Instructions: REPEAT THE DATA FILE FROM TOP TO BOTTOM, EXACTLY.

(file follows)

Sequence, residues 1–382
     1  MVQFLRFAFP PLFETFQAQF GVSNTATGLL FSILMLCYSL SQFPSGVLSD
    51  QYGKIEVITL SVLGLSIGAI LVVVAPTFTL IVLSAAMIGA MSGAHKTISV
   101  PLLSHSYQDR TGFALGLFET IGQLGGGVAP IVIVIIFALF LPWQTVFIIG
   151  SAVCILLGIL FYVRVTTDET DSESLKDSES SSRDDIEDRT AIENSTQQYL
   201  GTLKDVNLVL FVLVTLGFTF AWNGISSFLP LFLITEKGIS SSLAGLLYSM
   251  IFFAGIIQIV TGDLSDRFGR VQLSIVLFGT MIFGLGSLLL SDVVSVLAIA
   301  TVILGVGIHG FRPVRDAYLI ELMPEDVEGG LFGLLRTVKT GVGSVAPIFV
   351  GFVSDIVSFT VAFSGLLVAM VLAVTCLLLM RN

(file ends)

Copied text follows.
Sequence, residues 1–382
     1  MVQFLRFAFP PLFETFQAQF GVSNTATGLL FSILMLCYSL SQFPSGVLSD
    51  QYGKIEVITL SVLGLSIGAI LVVVAPTFTL IVLSAAMIGA MSGAHKTISV
   101  PLLSHSYQDR TGFALGLFET IGQLGGGVAP IVIVIIFALF LPWQTVFIIG
   151  SAVCILLGIL FYVRVTTDET DSESLKDSES SSRDDIEDRT AIENSTQQYL
   201  GTLKDVNLVL FVLVTLGFTF AWNGISSFLP LFLITEKGIS SSLAGLLYSM
   251  IFFAGIIQIV TGDLSDRFGR VQLSIVLFGT MIFGLGSLLL SDVVSVLAIA
   301  TVILGVGIHG FRPVRDAYLI ELMPEDVEGG LFGLLRTVKT GVGSVAPIFV
   351  GFVSDIVSFT VAFSGLLVAM VLAVTCLLLM RN